Thursday, October 8, 2020

Logistics: Maersk Is Pretty Cool

 From Fresh Plaza:

Maersk launches its cold store in South Africa

Maersk with their partner is launching its second dedicated warehouse in South Africa, trading under the name of Precool Cold Storage.

The Cold Store is a part of its existing warehousing and distribution site in Hammarsdale, in Kwa-Zulu Natal, and expected to be operational early January 2021. Increasing the capacity of the existing cold store operations, which can handle temperatures from ambient to -25C and has dedicated sections for frozen and chilled cargo thereby serving the fruit, vegetable, concentrate and protein customers across South Africa.

Equipped with modern, state-of-the-art temperature controlling system that ensures the safety of sensitive cargo, catering for both export and import cargo to and from South Africa. The facility is equipped with a large capacity of Sterri chambers, for fruit requiring specialised cooling....


I too have heard the siren song of the condensers and compressors.

But back to Maersk.

Before they were hit by the cyber attack, Maersk had a page on their website entitled The Queen of Cool. Sadly it was lost, along with around $300 million of Maersk's loot, in the form of massive business interruption, only some of which was insured.

But unlike the money, someone had the foresight to save the page to the internet archive and here it is:



Most people would not choose to work inside a refrigerated shipping container, much less live in one. Barbara Pratt is different; she spent her twenties doing both, and as a result helped revolutionise the reefer business that today enables food and other perishables to be shipped around the world.

“We knew so little about refrigerated shipping back then,” says Barbara Pratt, director of refrigerated technical services for Maersk Line in North America, reflecting on her adventure inside a converted reefer container in the name of science.

“A customer would put 20,000 kilos of fresh fruit in a reefer container, send it across the Atlantic for 30 days, and the reasons for its condition upon arrival were largely unknown to us,” says Pratt.

“With the ‘Mobile Research Lab,’ the converted container Sea-Land built, we set out to learn all how to improve the quality of long-distance shipments. And it turned out I spent the better part of seven years living and working in that container,” says Pratt, who today is 58 years old and lives in a house.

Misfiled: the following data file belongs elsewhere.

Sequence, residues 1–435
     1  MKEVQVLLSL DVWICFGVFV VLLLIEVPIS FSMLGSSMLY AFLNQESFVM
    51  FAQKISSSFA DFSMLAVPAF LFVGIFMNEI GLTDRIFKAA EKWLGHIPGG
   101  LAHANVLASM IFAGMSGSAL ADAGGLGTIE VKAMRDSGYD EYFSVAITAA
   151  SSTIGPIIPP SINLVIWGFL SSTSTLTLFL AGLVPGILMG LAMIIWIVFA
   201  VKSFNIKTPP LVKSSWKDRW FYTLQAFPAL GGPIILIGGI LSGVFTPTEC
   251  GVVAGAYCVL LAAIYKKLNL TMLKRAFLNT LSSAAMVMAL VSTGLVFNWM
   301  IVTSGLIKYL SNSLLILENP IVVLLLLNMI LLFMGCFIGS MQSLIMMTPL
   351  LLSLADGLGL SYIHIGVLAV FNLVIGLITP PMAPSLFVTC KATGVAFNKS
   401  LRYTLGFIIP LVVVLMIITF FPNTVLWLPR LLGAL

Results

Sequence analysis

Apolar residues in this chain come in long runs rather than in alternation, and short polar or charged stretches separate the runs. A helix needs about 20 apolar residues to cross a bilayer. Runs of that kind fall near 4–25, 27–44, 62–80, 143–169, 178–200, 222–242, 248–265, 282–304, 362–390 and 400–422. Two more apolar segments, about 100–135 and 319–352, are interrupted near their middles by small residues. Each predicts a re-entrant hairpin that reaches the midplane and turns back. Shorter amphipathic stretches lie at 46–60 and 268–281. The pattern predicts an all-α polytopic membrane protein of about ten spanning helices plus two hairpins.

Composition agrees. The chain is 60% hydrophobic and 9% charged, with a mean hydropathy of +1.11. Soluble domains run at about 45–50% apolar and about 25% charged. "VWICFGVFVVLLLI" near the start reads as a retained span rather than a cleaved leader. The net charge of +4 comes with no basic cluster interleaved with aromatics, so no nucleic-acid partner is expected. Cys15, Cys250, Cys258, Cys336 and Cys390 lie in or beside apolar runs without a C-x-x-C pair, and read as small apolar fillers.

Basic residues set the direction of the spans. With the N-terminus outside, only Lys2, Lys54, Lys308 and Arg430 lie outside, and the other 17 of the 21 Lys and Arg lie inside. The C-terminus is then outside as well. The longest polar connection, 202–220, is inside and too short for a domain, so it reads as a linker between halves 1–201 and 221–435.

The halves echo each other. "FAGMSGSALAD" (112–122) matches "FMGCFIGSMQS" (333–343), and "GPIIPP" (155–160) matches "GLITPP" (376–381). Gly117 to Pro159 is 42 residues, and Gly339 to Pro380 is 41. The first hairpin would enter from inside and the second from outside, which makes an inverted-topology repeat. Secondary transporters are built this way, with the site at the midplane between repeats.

Apples to apples

Barbara Pratt is a farm girl. She still works on the family farm she grew up on – 180 acres of apples, peaches, pears, nectarines, even Christmas trees, just an hour north of New York City and Maersk Line’s office in nearby Madison, New Jersey.

She was a 20-year old student at Cornell University studying physics, biology, chemistry, computer science and maths when she discovered the University’s Vegetable Crops Department. It was the match she had been looking for, an interesting and fulfilling outlet for applying her love of science.

Pratt graduated from Cornell University in 1976 with a degree in physics and was accepted into the University of Delaware’s “Post-Harvest Physiology” graduate programme, but turned it down. Her former Cornell professor had offered her a job – a special project for Sea-Land, the container shipping company founded by Malcolm McLean, the inventor of the shipping container.

Soon after, the ‘Mobile Research Laboratory’ was born, and Pratt never went back to school. Instead, she spent much of the late 1970s and early 1980s inside a container, throwing light on the little-known science of refrigerated transport and enabling the creation of much of the technology and best practices used in the industry today....


And my interest? Money, of course

April 27, 2020
The UK Food Situation Is Going to Get Interesting
From Reuters:
World's biggest cold storage supplier could reach full UK capacity in three weeks.....


June 3, 2019
Logistics: Big Money For Warehouses, Looking at Cold Storage.

...This next bit brings back some memories. My second stock to double was a cold storage company, actually a dairy with a cold storage operation that was valued at about one-quarter of comparables. I started chipping away at the float and before I got anywhere near enough stock, the management, who knew full well the value of the operation, did an LBO and took it private at 2x market and ended up generating cash-on-cash returns (for themselves) of around 40% per annum for a decade or so.
June 6, 2019
"It's About To Become A Hot Market For Cold Storage Facilities"—CBRE
March 30, 2020
"Coronavirus: Panic buying sparks surge in flexible storage demand"

Cold is very important.